4.5/10 Co-writer/director Florian Zeller made his directorial film debut with the 4th best film of 2021, “The Father” (9/10), which won Anthony Hopkins his second Best Actor Academy Award. Zeller adapted the film from his own stage play and was able to translate the play into a cinematic film incredibly well. It makes this all the more disappointing that his follow up, also adapted from one of his stage plays, is such a mediocre let down. While certain aspects do work, overall there are many missteps that make this a sophomore slump that makes me yearn to revisit “The Father”. “The Son” is about a depressed teenager named Nicholas Miller (Zen McGrath) and his struggles with suicidal ideations. His mother Kate (Laura Dern) can no longer handle him and his father Peter (Hugh Jackman) is living with his new wife Beth (Vanessa Kirby) and their newborn son. Peter and Beth have their lives uprooted when Nicholas comes to live with them. The timing of “The Son” is interesting in that it came out a little over a month after Darren Aronofsky’s “The Whale” (7.5/10) and there are several similarities. Both are adapted from stage plays and written or co-written by the original playwright. Both have a father dealing with extreme hardships brought on by their teenage child, who won’t open up to them. Yet while “The Whale” was able to do much more with even fewer locations, “The Son” struggles with surprisingly bland direction, a forgettable score from the usually reliable Hanz Zimmer and McGrath’s disappointing performance. While Jackman is phenomenal (as usual) and Dern, Kirby and the supporting cast are all top notch, McGrath’s acting leaves a lot to be desired. It doesn’t help that his character comes off as a whiny little bitch. While depression and suicidal ideations are real struggles for millions of people around the world (myself included), we are never given ample reason as to why Nicholas is struggling so much or how he devolved from a happy, young boy to an emo, “woe is me”, teenager. While I certainly understand that diagnosed depression is often a chemical imbalance in the brain and not necessarily brought on by some specific, traumatic event, there is an alleged event at the old school that Nicholas used to attend that is hinted at but never revealed. Nicholas comes across as having an easy, privileged life yet all he does is complain about being in pain while making little to no effort to change his ways or improve upon his life in any meaningful way. Instead he lies to everyone trying to help him and ditches school. While it is true that his father abandoned him and his mother when he fell in love with another woman, Nicholas takes what is a (sadly) common problem today, divorce, and treats it like wartime PTSD and I never bought it. There are also some silly aspects that felt rather dumb to me. One example is that despite having his suicidal son in his home, Peter keeps a loaded gun in the laundry room and doesn’t bother to lock it up or any of the kitchen knives, that could easily be moved somewhere safer and only removed with a lock and key. Another head scratching moment is when Peter and Kate are speaking to a doctor at a psych hospital and the doctor tells them that they have to make a certain decision right then and there, which is not how that works in real life. While the acting overall is phenomenal and the pacing works incredibly well, the overall plot, grating main character and some unearned misdirection near the end of the movie bring down what could have been a solid follow up to an incredible directorial debut. Skip “The Son” and check out “The Father” (although prepare for water works) if you want to see how a stage play can be properly adapted.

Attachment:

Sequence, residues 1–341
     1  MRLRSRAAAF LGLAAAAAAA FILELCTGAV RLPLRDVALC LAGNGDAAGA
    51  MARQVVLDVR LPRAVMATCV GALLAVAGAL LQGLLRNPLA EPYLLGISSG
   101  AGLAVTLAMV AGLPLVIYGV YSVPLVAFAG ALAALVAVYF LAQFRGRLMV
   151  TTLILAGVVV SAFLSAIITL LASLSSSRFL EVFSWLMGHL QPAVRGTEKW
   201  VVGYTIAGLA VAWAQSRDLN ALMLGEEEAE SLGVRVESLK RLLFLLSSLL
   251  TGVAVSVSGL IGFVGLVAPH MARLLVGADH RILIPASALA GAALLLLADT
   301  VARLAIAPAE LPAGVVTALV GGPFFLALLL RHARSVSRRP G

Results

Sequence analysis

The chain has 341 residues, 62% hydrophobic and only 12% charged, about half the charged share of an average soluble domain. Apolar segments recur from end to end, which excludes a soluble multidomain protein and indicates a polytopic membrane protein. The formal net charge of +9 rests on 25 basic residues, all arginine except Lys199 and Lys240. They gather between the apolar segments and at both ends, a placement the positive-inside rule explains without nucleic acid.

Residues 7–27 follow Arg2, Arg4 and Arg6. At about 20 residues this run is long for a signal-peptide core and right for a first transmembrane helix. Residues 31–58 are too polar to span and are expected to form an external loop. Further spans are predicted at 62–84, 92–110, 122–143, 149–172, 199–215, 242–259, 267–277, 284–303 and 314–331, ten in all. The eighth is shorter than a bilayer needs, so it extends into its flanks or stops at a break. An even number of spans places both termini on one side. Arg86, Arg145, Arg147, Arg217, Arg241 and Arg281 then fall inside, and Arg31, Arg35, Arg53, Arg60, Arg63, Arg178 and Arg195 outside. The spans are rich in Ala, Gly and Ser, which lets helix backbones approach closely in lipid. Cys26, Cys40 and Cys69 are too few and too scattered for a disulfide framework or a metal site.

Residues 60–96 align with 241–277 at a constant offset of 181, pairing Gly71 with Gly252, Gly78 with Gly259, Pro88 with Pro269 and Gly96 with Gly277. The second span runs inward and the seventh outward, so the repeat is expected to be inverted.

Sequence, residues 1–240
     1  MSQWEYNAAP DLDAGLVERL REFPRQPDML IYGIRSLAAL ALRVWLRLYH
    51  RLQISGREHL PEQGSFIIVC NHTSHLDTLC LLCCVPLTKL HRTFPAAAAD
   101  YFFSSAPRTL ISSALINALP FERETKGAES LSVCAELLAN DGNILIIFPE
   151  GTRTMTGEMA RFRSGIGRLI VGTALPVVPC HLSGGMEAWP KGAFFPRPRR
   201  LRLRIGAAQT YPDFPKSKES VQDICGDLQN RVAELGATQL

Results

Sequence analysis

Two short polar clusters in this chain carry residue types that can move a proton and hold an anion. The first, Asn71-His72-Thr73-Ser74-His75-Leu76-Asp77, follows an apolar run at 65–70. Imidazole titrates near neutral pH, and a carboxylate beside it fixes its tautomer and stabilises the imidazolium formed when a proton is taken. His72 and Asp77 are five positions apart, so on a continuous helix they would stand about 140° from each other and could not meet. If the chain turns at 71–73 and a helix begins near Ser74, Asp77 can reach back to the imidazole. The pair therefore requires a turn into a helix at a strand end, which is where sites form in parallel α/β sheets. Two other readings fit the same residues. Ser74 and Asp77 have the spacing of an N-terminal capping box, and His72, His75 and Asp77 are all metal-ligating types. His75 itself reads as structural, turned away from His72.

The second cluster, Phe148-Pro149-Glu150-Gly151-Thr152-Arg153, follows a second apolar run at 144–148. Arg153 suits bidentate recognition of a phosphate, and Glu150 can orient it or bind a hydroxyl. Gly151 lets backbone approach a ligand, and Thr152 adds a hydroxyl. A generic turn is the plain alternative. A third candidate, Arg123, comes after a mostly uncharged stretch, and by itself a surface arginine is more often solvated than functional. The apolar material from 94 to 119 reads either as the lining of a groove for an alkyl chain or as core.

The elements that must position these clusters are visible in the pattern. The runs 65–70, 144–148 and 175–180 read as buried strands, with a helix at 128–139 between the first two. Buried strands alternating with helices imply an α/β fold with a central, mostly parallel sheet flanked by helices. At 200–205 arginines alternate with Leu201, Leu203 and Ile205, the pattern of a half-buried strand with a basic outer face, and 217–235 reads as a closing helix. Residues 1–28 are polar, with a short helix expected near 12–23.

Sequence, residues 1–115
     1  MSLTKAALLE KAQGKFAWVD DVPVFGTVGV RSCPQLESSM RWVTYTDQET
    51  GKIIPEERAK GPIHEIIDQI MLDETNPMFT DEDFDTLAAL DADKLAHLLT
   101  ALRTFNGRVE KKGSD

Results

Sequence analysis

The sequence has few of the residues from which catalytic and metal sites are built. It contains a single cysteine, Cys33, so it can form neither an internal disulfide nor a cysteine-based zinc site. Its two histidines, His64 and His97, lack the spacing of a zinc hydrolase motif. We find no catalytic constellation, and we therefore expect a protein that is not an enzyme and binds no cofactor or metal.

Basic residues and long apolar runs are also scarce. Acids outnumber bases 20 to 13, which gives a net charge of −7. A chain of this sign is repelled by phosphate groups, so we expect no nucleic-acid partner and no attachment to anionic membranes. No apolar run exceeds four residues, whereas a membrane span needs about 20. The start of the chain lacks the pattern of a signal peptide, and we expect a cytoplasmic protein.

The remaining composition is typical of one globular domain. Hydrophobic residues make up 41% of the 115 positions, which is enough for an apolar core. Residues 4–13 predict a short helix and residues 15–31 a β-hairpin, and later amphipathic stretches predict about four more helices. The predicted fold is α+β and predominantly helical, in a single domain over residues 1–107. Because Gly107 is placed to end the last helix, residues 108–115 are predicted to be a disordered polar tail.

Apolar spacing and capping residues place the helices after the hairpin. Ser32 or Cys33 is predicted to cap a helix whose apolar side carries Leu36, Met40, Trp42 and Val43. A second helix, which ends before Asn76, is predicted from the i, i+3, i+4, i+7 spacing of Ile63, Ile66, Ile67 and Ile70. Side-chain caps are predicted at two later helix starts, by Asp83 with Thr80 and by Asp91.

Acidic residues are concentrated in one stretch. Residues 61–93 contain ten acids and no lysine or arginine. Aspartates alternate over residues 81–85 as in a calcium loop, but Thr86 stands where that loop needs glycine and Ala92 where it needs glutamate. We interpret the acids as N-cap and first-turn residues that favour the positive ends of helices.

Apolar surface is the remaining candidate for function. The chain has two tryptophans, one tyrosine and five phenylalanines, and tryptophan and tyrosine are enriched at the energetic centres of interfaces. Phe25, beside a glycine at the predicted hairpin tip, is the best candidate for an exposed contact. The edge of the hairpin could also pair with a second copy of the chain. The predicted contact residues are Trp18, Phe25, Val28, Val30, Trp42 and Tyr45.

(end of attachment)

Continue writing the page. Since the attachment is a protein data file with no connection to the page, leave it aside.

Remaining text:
#TheBother / #TheHouseOfTheFallingSon / #GenZWithZenMcG / #DadEducation / #FIsForFirearm / #TheTwoCopes

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